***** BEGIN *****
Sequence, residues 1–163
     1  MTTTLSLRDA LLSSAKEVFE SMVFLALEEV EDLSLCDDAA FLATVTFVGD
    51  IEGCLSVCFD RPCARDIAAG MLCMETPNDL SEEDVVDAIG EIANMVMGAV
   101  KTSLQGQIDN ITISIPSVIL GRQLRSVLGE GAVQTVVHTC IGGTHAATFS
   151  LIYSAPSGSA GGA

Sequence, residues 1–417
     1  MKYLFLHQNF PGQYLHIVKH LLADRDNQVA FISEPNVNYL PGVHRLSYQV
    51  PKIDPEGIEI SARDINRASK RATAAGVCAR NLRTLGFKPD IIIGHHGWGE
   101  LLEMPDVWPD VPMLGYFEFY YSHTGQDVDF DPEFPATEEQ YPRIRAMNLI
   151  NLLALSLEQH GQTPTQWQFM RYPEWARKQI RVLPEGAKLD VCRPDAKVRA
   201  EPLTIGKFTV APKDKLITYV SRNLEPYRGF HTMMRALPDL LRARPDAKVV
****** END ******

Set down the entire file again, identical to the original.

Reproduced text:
Sequence, residues 1–163
     1  MTTTLSLRDA LLSSAKEVFE SMVFLALEEV EDLSLCDDAA FLATVTFVGD
    51  IEGCLSVCFD RPCARDIAAG MLCMETPNDL SEEDVVDAIG EIANMVMGAV
   101  KTSLQGQIDN ITISIPSVIL GRQLRSVLGE GAVQTVVHTC IGGTHAATFS
   151  LIYSAPSGSA GGA

Sequence, residues 1–417
     1  MKYLFLHQNF PGQYLHIVKH LLADRDNQVA FISEPNVNYL PGVHRLSYQV
    51  PKIDPEGIEI SARDINRASK RATAAGVCAR NLRTLGFKPD IIIGHHGWGE
   101  LLEMPDVWPD VPMLGYFEFY YSHTGQDVDF DPEFPATEEQ YPRIRAMNLI
   151  NLLALSLEQH GQTPTQWQFM RYPEWARKQI RVLPEGAKLD VCRPDAKVRA
   201  EPLTIGKFTV APKDKLITYV SRNLEPYRGF HTMMRALPDL LRARPDAKVV